By John Burns
Lest we forget, chilluns, the new Trident on the way from Triumph is not the first time they’ve resurrected that famed monicker from the swingin’ Sixties. Here’s hoping Poseidon’s new weapon will be pointier than the last one 25 years ago, which left Brent – the rock upon which MO was built – pining for a Sportster. OMG.
By Mike Franklin, Managing Editor Apr. 20, 1995
With the unpopularity of “naked bikes” the last few years, it was easy to question Triumph’s sanity when they introduced the Trident 900 — after all, if it’s not a cutting-edge racer, full-dress tourer, under-5,000 dollar sporty beginner bike, or anything that looks like a Harley Davidson, it seems it’s just not worth a manufacturer’s time to produce. At first glance, the Trident looks like it could be any mid-1980s Japanese sport bike, but in fact, it is significantly better, and this bike may be the basis of Triumph’s resurrection. For those that remember the Triumph of old, hang on to your memories, for this bike has nothing in common save the name.For those that grew up with the Suzuki GS or Kawasaki KZ bikes, the Trident may strike a more familiar chord.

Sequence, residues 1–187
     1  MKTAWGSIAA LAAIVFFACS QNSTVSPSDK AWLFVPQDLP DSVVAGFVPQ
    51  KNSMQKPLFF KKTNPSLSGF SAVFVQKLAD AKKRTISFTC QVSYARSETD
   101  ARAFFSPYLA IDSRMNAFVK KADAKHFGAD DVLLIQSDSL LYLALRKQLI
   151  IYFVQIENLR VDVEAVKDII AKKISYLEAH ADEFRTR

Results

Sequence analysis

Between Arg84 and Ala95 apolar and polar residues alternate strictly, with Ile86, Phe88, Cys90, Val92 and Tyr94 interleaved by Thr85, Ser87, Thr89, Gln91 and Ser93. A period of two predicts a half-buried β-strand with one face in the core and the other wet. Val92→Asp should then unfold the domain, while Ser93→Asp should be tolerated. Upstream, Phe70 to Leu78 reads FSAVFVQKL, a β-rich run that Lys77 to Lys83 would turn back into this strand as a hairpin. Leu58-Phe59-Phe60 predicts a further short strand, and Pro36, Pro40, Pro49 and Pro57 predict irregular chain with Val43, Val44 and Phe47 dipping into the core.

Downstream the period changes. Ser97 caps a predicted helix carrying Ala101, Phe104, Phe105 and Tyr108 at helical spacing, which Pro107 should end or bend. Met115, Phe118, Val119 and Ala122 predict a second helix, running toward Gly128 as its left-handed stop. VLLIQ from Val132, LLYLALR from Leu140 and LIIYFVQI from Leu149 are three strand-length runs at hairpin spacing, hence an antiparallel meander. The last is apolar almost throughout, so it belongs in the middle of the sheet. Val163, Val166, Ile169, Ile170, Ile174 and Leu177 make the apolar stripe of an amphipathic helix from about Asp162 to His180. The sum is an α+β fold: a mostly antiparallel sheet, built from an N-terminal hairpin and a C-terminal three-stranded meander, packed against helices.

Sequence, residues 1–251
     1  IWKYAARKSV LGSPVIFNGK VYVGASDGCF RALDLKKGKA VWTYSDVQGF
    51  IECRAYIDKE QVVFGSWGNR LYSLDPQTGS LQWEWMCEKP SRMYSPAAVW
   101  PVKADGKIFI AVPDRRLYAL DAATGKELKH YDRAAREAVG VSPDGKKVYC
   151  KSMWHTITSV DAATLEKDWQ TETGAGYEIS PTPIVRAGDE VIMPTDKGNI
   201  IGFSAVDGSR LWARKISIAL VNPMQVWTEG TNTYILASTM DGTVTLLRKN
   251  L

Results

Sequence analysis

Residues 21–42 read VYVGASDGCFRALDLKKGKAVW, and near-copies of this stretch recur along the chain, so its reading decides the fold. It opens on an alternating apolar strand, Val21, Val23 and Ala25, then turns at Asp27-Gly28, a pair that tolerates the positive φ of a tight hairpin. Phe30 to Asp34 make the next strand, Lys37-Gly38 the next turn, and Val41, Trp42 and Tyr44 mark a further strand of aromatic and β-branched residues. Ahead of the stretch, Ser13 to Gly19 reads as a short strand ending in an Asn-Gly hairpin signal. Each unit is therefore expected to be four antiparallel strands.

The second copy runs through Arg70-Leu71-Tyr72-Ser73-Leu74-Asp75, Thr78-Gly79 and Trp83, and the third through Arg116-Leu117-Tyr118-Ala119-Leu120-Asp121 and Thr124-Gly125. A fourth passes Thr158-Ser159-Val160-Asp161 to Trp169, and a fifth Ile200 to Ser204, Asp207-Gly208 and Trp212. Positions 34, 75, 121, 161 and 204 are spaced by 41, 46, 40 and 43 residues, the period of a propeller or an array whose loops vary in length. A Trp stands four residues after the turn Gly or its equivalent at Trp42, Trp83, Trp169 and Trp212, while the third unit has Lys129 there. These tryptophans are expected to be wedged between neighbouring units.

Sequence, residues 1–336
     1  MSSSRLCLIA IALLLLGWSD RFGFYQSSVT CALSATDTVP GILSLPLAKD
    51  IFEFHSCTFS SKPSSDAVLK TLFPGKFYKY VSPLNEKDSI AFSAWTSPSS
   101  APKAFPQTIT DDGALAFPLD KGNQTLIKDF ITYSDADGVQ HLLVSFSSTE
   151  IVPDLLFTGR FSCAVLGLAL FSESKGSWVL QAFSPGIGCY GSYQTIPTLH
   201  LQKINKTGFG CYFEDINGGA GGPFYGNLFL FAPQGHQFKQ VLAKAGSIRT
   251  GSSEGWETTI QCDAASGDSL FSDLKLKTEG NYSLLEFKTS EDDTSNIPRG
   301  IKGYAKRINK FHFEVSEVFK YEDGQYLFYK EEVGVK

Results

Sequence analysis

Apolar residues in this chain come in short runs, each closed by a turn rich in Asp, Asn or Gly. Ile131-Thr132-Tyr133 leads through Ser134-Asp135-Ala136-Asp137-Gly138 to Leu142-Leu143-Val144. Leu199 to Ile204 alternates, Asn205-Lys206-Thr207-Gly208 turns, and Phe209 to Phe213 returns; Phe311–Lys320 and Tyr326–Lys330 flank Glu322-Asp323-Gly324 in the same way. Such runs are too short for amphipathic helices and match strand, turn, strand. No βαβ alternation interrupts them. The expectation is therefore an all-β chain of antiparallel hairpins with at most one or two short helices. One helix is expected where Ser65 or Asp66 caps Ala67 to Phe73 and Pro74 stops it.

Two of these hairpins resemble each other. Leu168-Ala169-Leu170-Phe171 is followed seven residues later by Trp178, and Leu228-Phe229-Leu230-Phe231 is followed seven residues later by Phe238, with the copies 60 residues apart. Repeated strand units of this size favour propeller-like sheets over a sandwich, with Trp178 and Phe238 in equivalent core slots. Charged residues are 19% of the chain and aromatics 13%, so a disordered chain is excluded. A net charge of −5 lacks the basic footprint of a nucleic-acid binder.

Make no mistake, though, this bike is much better than either of the latter. When Triumph designed the Trident, they looked at the classic design of that era and at the materials available today, and came up with a bike that is actually better than the sum of its parts.
Classic design dictated an upright seating position, exposed motor, and a large round headlight out in the open, not wrapped in plastic bodywork. Modern technology allowed wide wheels and radial tires, excellent brake and suspension components, and a reliable water-cooled motor. Together, they make for a surprisingly competent do-it-all motorcycle.